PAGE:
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Memento : Issue 30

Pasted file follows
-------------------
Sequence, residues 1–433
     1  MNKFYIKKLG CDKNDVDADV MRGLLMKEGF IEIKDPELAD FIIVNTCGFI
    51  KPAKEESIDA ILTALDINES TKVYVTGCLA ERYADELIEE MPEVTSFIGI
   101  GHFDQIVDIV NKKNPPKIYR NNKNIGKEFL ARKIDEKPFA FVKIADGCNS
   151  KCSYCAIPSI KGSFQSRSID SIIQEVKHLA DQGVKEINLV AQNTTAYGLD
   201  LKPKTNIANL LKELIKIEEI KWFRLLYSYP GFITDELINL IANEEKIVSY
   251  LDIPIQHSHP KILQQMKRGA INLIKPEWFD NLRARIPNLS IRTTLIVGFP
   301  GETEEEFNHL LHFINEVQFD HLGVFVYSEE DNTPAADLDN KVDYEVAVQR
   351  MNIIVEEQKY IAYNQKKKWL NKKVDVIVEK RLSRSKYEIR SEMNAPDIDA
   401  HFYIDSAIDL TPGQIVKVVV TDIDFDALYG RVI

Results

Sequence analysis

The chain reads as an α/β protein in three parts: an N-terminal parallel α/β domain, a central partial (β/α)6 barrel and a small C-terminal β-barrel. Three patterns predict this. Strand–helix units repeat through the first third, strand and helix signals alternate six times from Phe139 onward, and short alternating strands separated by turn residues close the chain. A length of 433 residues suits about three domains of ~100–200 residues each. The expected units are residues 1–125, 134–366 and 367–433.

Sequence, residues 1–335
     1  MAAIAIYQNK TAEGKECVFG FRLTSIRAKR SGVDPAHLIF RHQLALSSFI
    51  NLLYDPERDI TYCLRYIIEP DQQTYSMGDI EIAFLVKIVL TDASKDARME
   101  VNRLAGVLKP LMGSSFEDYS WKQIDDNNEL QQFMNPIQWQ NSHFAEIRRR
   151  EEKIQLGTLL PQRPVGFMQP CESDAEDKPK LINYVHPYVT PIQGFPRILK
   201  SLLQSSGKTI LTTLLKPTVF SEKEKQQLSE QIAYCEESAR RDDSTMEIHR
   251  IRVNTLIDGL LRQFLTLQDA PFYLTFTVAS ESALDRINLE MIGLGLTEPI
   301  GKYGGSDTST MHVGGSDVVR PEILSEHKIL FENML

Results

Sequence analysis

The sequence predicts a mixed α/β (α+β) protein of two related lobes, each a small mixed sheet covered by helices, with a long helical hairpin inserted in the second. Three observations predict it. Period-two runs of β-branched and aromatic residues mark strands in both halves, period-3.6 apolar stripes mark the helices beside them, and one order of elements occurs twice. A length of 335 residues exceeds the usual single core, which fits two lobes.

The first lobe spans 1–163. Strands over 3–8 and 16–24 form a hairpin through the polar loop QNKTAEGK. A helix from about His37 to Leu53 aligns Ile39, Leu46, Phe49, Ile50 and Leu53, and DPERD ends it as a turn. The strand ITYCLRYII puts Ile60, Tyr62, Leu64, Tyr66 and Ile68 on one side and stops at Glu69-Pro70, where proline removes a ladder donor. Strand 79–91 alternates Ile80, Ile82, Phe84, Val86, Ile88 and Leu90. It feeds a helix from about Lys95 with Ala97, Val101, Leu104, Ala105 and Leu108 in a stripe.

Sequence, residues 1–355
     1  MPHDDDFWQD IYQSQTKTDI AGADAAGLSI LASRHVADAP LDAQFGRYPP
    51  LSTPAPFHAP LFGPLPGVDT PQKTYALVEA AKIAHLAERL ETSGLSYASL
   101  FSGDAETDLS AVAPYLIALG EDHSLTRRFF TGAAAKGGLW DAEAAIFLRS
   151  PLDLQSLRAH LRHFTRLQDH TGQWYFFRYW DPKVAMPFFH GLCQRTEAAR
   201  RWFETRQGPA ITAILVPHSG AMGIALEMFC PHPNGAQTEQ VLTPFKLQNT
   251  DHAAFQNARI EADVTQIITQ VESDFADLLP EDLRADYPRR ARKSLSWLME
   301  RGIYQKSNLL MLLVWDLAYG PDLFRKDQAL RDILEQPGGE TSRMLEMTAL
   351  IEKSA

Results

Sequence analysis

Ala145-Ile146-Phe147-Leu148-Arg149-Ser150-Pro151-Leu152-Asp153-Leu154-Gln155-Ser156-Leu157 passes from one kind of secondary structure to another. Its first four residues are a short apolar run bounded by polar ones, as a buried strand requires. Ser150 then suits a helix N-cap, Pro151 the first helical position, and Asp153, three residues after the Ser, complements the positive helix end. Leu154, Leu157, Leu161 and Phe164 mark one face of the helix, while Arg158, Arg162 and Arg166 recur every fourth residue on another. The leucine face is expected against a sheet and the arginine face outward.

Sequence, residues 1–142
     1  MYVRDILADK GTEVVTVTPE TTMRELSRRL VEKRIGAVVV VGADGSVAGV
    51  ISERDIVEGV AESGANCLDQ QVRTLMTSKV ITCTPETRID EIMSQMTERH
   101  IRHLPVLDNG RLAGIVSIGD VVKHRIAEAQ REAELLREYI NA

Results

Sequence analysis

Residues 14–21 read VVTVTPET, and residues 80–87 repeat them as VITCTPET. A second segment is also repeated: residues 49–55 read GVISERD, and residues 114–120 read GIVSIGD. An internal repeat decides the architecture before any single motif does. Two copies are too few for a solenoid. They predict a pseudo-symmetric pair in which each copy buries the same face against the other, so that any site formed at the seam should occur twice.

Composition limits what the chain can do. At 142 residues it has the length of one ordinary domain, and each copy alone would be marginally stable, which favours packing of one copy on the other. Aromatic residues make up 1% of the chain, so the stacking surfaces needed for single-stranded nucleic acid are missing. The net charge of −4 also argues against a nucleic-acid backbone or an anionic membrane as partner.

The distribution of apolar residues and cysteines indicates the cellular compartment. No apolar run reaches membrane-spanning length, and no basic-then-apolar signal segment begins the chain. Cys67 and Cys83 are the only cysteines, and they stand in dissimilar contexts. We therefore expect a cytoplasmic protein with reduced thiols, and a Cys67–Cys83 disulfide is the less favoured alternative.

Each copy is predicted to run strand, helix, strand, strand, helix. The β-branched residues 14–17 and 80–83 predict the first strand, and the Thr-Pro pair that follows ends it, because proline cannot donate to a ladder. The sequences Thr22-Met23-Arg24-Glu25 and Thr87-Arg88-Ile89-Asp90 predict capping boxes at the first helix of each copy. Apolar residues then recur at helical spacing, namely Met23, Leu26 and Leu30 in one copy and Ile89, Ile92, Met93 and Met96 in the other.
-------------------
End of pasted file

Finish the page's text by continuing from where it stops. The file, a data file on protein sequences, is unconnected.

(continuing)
Each year, the National Archives offers the Ian Maclean Award to provide an individual with a paid opportunity to conduct research that will benefit the archival profession in Australia. The award is named after Ian Maclean (1919–2003) who worked passionately for the archival profession for 50 years, starting as the Commonwealth Archives Officer in October 1944. He received an Order of Australia for his work in 1996. The first recipient of the Ian Maclean Award in 2004 was Bruce Smith, an active and well-known business archivist. The award enabled Mr Smith to undertake valuable research into Australian business records, an area that he says is ‘under-documented in an historical sense and under-represented in archives’. Mr Smith used the award to identify relevant holdings of the various collecting institutions around the country and to add new entries to the online Guide to Australian Business Records. In addition to enhancing the content of the online guide, he also redesigned the website which can be viewed at www.gabr.net.au . The 2005 Ian Maclean Award winner is Dr Nikki Henningham. She will use her award to locate records relating to migrant women’s experiences in Australia and to augment the existing holdings of official archival repositories. ‘Cultural diversity is a central feature of the modern Australian nation, but the papers of migrant women and their organisations are still under-represented in existing archival databases,’ says Dr Henningham. As very few records relating to migrant women have been deposited in official archival repositories, the project will entail considerable detective work. While women have had very active roles in public life, quite often this work has taken place through professional and private networks and is not always captured in official archival repositories. ‘Very often, if records do exist, they are embedded within the records of their husbands or other male family members,’ says Dr Henningham. ‘The valuable records of many Australian women remain in private hands, in many cases, gathering dust in back offices, sheds or under beds.’ Dr Henningham’s experience as a research fellow, historian, and Executive Officer of the Australian Women’s Archive Project will assist her to locate this material and coordinate an accessible online register. The results of Dr Henningham’s research will be published on the National Archives’ website (www.naa.gov.au) and the Australian Women’s Archives Project website (www.womenaustralia.info) which links researchers to information about women held in archival collections around Australia. She will also present a public lecture about her findings. For more information about the Ian Maclean Award, please see the online brochure on the Archives’ website (www. naa.gov.au), or contact Derina McLaughlin at firstname.lastname@example.org or on (02) 6212 3986. Applications for the 2006 Ian Maclean Award close 10 March 2006. An archivist’s legacy Dr Nikki Henningham, winner of the 2005 Ian Maclean Award. This hair-raising incident is contained in one of several security reports about Prime Minister McMahon’s family between 1971 and 1973. The security report on the ‘kidnapping’ of Sonia McMahon and the discriminatory Department of Trade minute have been digitised and are available for viewing on our website at www.naa.gov.au . To see the documents simply click on RecordSearch, and key in (respectively) A1209, 1971/9346 or A3120, 106/1/6 next to ‘Reference number’ and then click on ‘View digitised copy’. Spring–Summer 2005 memeNto 7 excerpt from minute paper on women trade commissioners: (v) A man normally has his household run efficiently by his wife, who also looks after much of the entertaining. A woman Trade Commissioner would have all this on top of her normal work; (viii) A spinster lady can, and very often does, turn into something of a battleaxe with the passing years. A man usually mellows. (above left) NAA: A3120, 106/1/6; NAA: A1209, 1971/9346 (below left) Lady Sonia McMahon standing next to our June ‘Find of the Month’ display which features the security report on her kidnapping in 1971. Two gems from our collection